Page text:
It is unclear why AIG believes that Bulletin No. LH 2008-01 & PC 2008-04 supports its argument that stop-loss insurance should be treated as accident and health insurance, because it directly supports AG's position that stop-loss insurance is not governed by the same laws as accident and health insurance. If the Oklahoma Insurance Department treated the subject policy as stop-loss insurance, AIG did not need to comply with any requirements imposed on group accident and health insurers, and this shows that the Oklahoma Insurance Department views stop-loss insurance as something other than accident and health insurance. AIG argues that the bulletin suggests that stoploss insurance is treated as a distinct category of accident and health insurance from "individual" or "group" accident and health insurance. The bulletin does not support such an argument, and the Court agrees with the magistrate judge's conclusion that the bulletin contradicts AIG's argument that stop-loss insurance is accident and health insurance under Oklahoma law. See Dkt. # 491, at 13 ("stop-loss insurance that meets the [Oklahoma Insurance Department] requirements is not health and accident insurance nor insurance "appertaining thereto." It is clearly exempt from the Oklahoma statutes such as §1219 that govern such accident and health insurance."). AIG has produced a document issued by the Oklahoma Insurance Department listing all insurers licensed to do business in Oklahoma and the types of insurance they provide, and the document states that AIG is authorized to issue variable, accident and health, and life insurance. Dkt. # 492, Ex. 1, at 3. AIG claims that this document is definitive evidence that stop-loss insurance is accident and health insurance under Oklahoma law, and states that the magistrate judge "did not accept [the Oklahoma Insurance Department's classification of stop-loss coverage as accident and health insurance." Dkt. # 492, at 12. First, in this document, the Oklahoma Insurance Department did not expressly classify stop-loss coverage as accident and health insurance. Further, just because
stop-loss insurance could fall under the broad category of accident and health insurance insofar as it relates to a medical benefits plan, this does not mean that every policy issued by AIG meets the definition of accident and health insurance policy under § 703. The Court has already determined that it does not. See supra. AIG cites cases from various jurisdictions in an attempt to show that stop-loss insurance may be treated as accident and health insurance if the attachment point for reimbursement is low enough that it creates an appearance that an employer is attempting to circumvent state law through the use of a self-fund health plan that is actually funded through a stop-loss insurance policy. Dkt. # 492, at 17-21. Defendant's argument concerning Oklahoma Insurance Department Bulletin No. LH 2008-01 & PC 2008-04 shows that the Oklahoma Insurance Department has not expressed any concern about the stop-loss insurance provided by AIG to AG. AIG states that it complied with all requirements for a stop-loss insurer to avoid regulation as a health insurer, including having an attachment point of at least $25,000 per employee, and the Oklahoma Insurance Department did not treat the Policy as a health insurance policy subject to state regulation. Dkt. # 492, at 11. AIG's argument that some self-funded health plans have used stop-loss insurance to avoid regulation as a health insurer under state law does not show that all stop-loss policies are generally treated as accident and health insurance as a matter of law, nor does this argument suggest that the subject policy was treated as accident and health insurance by the Oklahoma Insurance Department. Based on a de novo review, the Court agrees with the magistrate judge's determination that the stop-loss policy issued by AIG to AG does not qualify as accident and health insurance under § 703, and AIG was not required to comply with the notice requirements of § 1219 when reviewing the disputed insurance claim. Thus, AIG may also not recover attorney fees under § 1219(G) as the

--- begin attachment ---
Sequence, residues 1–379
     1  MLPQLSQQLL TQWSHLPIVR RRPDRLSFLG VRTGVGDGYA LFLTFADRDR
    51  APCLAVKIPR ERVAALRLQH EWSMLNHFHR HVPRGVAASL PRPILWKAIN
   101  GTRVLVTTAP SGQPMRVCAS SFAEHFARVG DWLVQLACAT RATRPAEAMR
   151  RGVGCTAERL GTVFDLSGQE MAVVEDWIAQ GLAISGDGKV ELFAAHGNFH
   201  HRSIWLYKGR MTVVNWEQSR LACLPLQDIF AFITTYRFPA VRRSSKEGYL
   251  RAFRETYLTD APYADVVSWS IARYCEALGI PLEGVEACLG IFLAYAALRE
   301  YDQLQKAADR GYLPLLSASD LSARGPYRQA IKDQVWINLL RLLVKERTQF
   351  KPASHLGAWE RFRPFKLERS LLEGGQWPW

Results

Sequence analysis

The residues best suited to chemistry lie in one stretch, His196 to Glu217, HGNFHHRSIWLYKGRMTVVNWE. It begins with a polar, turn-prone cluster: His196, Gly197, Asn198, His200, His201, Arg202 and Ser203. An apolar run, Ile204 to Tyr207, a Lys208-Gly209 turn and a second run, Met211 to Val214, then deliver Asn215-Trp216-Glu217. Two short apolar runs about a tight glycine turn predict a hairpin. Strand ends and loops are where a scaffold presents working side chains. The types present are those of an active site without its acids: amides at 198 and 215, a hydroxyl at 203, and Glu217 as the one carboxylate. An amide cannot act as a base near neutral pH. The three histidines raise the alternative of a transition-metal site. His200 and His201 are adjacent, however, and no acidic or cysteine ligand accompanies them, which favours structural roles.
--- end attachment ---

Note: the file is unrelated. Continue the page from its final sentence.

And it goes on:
prevailing party in litigation concerning a disputed claim under an accident and health insurance policy. B. The magistrate judge also rejected AIG's argument that it was entitled to attorney fees under § 3629 as the prevailing party in a lawsuit between an insurer and its insured, because AIG did not reject or offer to settle AG's disputed insurance claim within 90 days of receiving it. AIG argues that AG did not submit sufficient proof of loss to trigger the 90 day period under § 3629, and it is should be permitted to recover attorney fees, even though it is undisputed that AIG did not reject or offer to settle the claim until this case had been pending for at least a year after the claim was filed. AG responds that § 3629 simply requires "proof of loss" and does not permit an insurer to delay resolution of a claim until it deems the proof of loss sufficient, and AIG has waived the right to collect attorney fees under by § 3629 by refusing to reject or offer to settle AG's insurance claim within 90 days. Section 3629 requires an insurer to provide an insured "forms of proof of loss" upon request by the insured. OKLA. STAT. tit. 36, § 3629(A). If the insured submits proof of loss to the insurer, "[i]t shall be the duty of the insurer . . . to submit a written offer of settlement or rejection of the claim to the insured within ninety (90) days." Id. at § 3629(B). The prevailing party in any
subsequent litigation is entitled to recover attorney fees and costs. Id. The purpose of § 3629 is to "encourage the prompt settlement of claims, in part by offering the prevailing party attorney fees." Ass'n of County Comm'rs of Oklahoma v. Nat'l American Ins. Co., 116 P.3d 206, 212 (Okla. Civ. App. 2005). The statute defines the "prevailing party" as "the insurer in those cases where judgment does not exceed written offer of settlement. In all other judgments the insured shall be the prevailing